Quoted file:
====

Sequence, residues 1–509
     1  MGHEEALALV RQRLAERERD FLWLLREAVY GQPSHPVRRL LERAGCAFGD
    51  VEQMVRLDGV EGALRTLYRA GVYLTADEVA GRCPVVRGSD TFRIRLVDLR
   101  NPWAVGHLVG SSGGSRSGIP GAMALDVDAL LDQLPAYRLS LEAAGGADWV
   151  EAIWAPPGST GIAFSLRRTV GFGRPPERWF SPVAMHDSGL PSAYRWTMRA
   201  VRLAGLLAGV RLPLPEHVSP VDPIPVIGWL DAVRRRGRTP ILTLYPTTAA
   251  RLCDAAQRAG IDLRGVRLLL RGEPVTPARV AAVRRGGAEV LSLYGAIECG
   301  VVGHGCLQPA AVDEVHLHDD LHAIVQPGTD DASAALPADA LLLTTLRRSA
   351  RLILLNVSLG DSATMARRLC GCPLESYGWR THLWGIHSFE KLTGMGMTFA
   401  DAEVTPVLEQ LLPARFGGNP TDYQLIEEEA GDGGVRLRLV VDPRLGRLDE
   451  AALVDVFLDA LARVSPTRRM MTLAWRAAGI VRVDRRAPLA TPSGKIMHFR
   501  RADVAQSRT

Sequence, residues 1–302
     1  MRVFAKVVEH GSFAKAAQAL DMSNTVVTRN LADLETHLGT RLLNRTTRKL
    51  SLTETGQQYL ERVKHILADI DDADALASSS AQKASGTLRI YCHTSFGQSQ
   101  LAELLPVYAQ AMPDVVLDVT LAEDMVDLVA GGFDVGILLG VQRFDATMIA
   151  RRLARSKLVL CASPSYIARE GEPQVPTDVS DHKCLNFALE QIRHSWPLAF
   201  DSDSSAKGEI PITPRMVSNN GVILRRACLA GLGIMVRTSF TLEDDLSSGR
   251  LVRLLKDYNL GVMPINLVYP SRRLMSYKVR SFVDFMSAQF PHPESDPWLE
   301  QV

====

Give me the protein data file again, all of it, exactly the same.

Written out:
Sequence, residues 1–509
     1  MGHEEALALV RQRLAERERD FLWLLREAVY GQPSHPVRRL LERAGCAFGD
    51  VEQMVRLDGV EGALRTLYRA GVYLTADEVA GRCPVVRGSD TFRIRLVDLR
   101  NPWAVGHLVG SSGGSRSGIP GAMALDVDAL LDQLPAYRLS LEAAGGADWV
   151  EAIWAPPGST GIAFSLRRTV GFGRPPERWF SPVAMHDSGL PSAYRWTMRA
   201  VRLAGLLAGV RLPLPEHVSP VDPIPVIGWL DAVRRRGRTP ILTLYPTTAA
   251  RLCDAAQRAG IDLRGVRLLL RGEPVTPARV AAVRRGGAEV LSLYGAIECG
   301  VVGHGCLQPA AVDEVHLHDD LHAIVQPGTD DASAALPADA LLLTTLRRSA
   351  RLILLNVSLG DSATMARRLC GCPLESYGWR THLWGIHSFE KLTGMGMTFA
   401  DAEVTPVLEQ LLPARFGGNP TDYQLIEEEA GDGGVRLRLV VDPRLGRLDE
   451  AALVDVFLDA LARVSPTRRM MTLAWRAAGI VRVDRRAPLA TPSGKIMHFR
   501  RADVAQSRT

Sequence, residues 1–302
     1  MRVFAKVVEH GSFAKAAQAL DMSNTVVTRN LADLETHLGT RLLNRTTRKL
    51  SLTETGQQYL ERVKHILADI DDADALASSS AQKASGTLRI YCHTSFGQSQ
   101  LAELLPVYAQ AMPDVVLDVT LAEDMVDLVA GGFDVGILLG VQRFDATMIA
   151  RRLARSKLVL CASPSYIARE GEPQVPTDVS DHKCLNFALE QIRHSWPLAF
   201  DSDSSAKGEI PITPRMVSNN GVILRRACLA GLGIMVRTSF TLEDDLSSGR
   251  LVRLLKDYNL GVMPINLVYP SRRLMSYKVR SFVDFMSAQF PHPESDPWLE
   301  QV